- BBC News World
The Higher Electoral Court of Brazil (TSE) has rejected the claim filed by the far-right party of Jair Bolsonaro to annul the results of the last presidential election.
Outgoing President Bolsonaro’s party contested some of the votes on election day in October in which he narrowly lost the presidency to leftist Luiz Inacio Lula da Silva.
The Liberal Party (PL) requested the Electoral Tribunal to reject the votes of certain machines, which they ensure compromised during the second election round.
But the president of the TSE, Alexandre de Moraes, declared that the PL’s complaint was “an offense against democratic norms” and that it sought to “encourage criminal and anti-democratic movements.”
The court added thatThe lawsuit was filed “in bad faith” and fined the party 22.9 million reais (US$4.3 million)..
Bolsonaro’s game had a better result than expected in the first round. But in the second round, Lula won with 50.9% of the vote against Bolsonaro’s 49.1%, a result validated by the Superior Electoral Tribunal (TSE).
Despite no evidence being presented, the Liberal Party’s claim backfired up to 280,000 voting machines which were models manufactured before 2020. Bolsonaro has said on previous occasions that Brazil’s electronic voting system is not fraud-proof.
Although Bolsonaro did not concede defeat, he gave the go-ahead for the transition of power. Since losing the election on October 30, he has stayed out of the public eye.
Bolsonaro’s Liberal Party (PL) hired a consulting office that tracked the electronic ballot boxes ahead of 2020 do not generate log files with individual namesso it would be impossible to associate a specific log file with a specific urn.
The log files contain a kind of “biography” of each ballot box, with data on how many times it was turned on, turned off, and at what time the programs were inserted. This file is considered important because it will record any attempt to irregularly access the ballot box.
According to the PL, only the files generated by the ballot boxes produced after 2020 can be considered suitable and if only the votes from these ballot boxes were counted, Bolsonaro would be the winner “with 51.05% of the valid votes, against 48,955 for Lula.” .
However, several experts consulted by BBC Brazil confirmed this the alleged failures pointed out by the PL will not compromise the results.
Researcher Marcos Simplício, professor of Computer Engineering at the Polytechnic School of the University of São Paulo, said that although the record files of ballot boxes produced before 2020 generate similar names, it will be enough to open them to find the exact information to identify which ballot box belongs.
“Anyone with internet access can do it,” the expert said.
Another expert, Diego de Freitas Aranha, Professor of Computer Science at the University of Aarhus in Denmark, who investigated the voting machines used in Brazil, pointed out that the votes are not in the log files.
“The most important data, which are the votes, are not in the log files. They are in other files. And there was no mention of any alleged irregularity in relation to that data,” the professor explained.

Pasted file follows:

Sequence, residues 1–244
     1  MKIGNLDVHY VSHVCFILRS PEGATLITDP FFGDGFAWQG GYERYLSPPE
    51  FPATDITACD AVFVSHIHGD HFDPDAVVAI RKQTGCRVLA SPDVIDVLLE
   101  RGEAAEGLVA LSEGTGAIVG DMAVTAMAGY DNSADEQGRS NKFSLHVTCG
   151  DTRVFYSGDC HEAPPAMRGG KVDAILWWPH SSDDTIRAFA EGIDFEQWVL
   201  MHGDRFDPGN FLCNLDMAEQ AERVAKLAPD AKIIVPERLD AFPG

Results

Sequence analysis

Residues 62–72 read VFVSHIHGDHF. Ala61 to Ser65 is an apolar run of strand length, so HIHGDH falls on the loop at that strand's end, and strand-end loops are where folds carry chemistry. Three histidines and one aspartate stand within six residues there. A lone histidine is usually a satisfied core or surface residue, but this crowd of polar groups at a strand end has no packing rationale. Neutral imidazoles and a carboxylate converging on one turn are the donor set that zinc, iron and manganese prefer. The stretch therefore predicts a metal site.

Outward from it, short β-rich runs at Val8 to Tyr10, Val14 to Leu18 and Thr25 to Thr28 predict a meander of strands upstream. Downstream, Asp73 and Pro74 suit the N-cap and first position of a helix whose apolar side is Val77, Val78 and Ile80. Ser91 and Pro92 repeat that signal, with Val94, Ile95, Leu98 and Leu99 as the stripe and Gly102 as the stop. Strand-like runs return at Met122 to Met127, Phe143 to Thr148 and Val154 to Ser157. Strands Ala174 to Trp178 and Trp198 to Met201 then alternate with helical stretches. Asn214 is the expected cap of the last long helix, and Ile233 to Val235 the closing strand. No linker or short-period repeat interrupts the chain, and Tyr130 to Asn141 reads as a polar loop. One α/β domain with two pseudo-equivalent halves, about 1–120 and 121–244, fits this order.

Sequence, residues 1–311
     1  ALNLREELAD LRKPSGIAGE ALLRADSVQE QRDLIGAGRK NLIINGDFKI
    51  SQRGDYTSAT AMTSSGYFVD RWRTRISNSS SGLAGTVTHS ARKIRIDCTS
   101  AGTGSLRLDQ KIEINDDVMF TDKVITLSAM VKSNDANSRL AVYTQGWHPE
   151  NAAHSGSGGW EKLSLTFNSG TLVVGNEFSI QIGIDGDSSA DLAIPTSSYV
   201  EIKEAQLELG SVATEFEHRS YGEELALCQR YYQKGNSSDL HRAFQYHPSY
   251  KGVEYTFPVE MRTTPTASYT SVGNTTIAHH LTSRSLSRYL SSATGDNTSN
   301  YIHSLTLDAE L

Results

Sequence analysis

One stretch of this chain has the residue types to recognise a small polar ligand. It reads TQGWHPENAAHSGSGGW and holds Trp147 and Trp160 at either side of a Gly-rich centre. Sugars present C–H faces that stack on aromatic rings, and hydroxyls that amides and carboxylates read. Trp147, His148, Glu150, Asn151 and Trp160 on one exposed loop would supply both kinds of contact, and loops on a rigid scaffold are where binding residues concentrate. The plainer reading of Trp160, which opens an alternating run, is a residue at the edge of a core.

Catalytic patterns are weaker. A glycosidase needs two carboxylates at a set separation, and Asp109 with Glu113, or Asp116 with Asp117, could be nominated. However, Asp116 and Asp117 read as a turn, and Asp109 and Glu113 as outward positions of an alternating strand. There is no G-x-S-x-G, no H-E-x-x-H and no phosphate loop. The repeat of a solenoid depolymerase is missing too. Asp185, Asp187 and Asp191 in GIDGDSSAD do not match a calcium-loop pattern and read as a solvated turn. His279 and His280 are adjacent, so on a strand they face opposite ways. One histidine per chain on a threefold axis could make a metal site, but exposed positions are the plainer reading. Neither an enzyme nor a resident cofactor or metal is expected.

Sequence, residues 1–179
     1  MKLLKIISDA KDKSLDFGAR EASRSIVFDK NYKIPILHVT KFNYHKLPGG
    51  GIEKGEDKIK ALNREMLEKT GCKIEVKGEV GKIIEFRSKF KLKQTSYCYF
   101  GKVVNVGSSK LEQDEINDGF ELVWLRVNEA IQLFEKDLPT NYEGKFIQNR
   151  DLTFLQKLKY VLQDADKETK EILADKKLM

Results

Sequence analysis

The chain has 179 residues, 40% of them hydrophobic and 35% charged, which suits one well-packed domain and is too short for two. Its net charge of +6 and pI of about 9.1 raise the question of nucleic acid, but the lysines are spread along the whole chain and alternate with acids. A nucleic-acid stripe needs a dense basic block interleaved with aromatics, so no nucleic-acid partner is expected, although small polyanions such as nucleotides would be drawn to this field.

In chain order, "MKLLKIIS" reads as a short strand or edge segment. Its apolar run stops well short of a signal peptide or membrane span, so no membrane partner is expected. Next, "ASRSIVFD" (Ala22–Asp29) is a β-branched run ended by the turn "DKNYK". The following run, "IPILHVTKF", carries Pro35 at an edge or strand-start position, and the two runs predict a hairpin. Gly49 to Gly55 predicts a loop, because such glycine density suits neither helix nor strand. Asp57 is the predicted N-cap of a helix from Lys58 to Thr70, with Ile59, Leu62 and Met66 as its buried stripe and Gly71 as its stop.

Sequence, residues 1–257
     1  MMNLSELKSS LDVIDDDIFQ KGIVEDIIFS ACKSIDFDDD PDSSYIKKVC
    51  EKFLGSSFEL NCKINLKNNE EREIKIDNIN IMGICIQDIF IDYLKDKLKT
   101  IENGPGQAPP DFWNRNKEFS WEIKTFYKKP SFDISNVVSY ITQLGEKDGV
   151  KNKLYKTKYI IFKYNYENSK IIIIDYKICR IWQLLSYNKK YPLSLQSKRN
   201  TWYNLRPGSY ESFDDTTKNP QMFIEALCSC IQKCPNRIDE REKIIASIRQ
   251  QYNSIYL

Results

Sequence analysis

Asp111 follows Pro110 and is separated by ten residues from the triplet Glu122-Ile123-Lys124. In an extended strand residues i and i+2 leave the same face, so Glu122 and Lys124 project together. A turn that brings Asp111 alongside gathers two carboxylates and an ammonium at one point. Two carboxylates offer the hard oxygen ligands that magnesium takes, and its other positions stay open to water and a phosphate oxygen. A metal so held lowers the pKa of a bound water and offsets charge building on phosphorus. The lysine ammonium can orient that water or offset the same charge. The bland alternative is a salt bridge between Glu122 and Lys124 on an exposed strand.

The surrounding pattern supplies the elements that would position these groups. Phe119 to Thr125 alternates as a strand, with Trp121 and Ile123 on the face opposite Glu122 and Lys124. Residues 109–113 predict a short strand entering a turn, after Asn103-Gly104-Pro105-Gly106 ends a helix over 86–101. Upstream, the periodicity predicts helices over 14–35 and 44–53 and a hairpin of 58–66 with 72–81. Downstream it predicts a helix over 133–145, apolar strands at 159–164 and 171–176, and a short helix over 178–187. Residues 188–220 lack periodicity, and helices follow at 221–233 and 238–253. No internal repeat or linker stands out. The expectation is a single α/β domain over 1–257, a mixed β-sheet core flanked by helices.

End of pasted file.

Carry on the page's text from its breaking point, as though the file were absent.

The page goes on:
The difficulties of the question
The specialists consulted by the BBC pointed out that there were also errors in the report presented by the PL to request the annulment of the votes.
On the one hand, the report was based on faulty technical assumptions about the safety of ballot boxes and does not offerBA no evidence of fraud which could have favored President-elect Lula.
Diego Aranha emphasized that the supporters’ claim only mentioned irregularities in the results of the second round, but the same machines were used in the first round.
“If the error found by the PL was really serious, the natural thing would be for him to also request the annulment of the first round of votes, and not only the second. This will have to happen because the ballot boxes in dispute, those manufactured before 2020, were also used in the first round,” he said.
Marcos Simplício added that the annulment of the votes in both rounds would not only have consequences for the presidential election, but “for all contested chargesas representatives, senators and state and federal governors”.
Immediately after Lula was declared the winner, numerous Truck drivers supporting Bolsonaro blocked roads and clashed with police. But Bolsonaro later told them that the blockades were not part of “legitimate” protests.
Some of his supporters continued to protest in front of the military barracks, urging the military to intervene to prevent Lula’s takeover.
Bolsonaro’s presidential term will end with Lula’s inauguration on January 1.
Lula, who was president of Brazil between 2003 and 2010, is 77 years old and will become the oldest person to hold the office.
Lula’s victory represented a resounding political comebackconsidering that his candidacy for the 2018 elections was not activated because he was in prison and banned from all public offices.
He was found guilty of taking bribes from a Brazilian construction firm in exchange for facilitating contracts with state oil company Petrobras. His conviction was later overturned.
Bolsonaro, a former army captain, drew much of his support from evangelical Christians and other conservative sectors that advocated protecting family values. However, his government has also seen accelerated deforestation in the Amazon and growing inequality.
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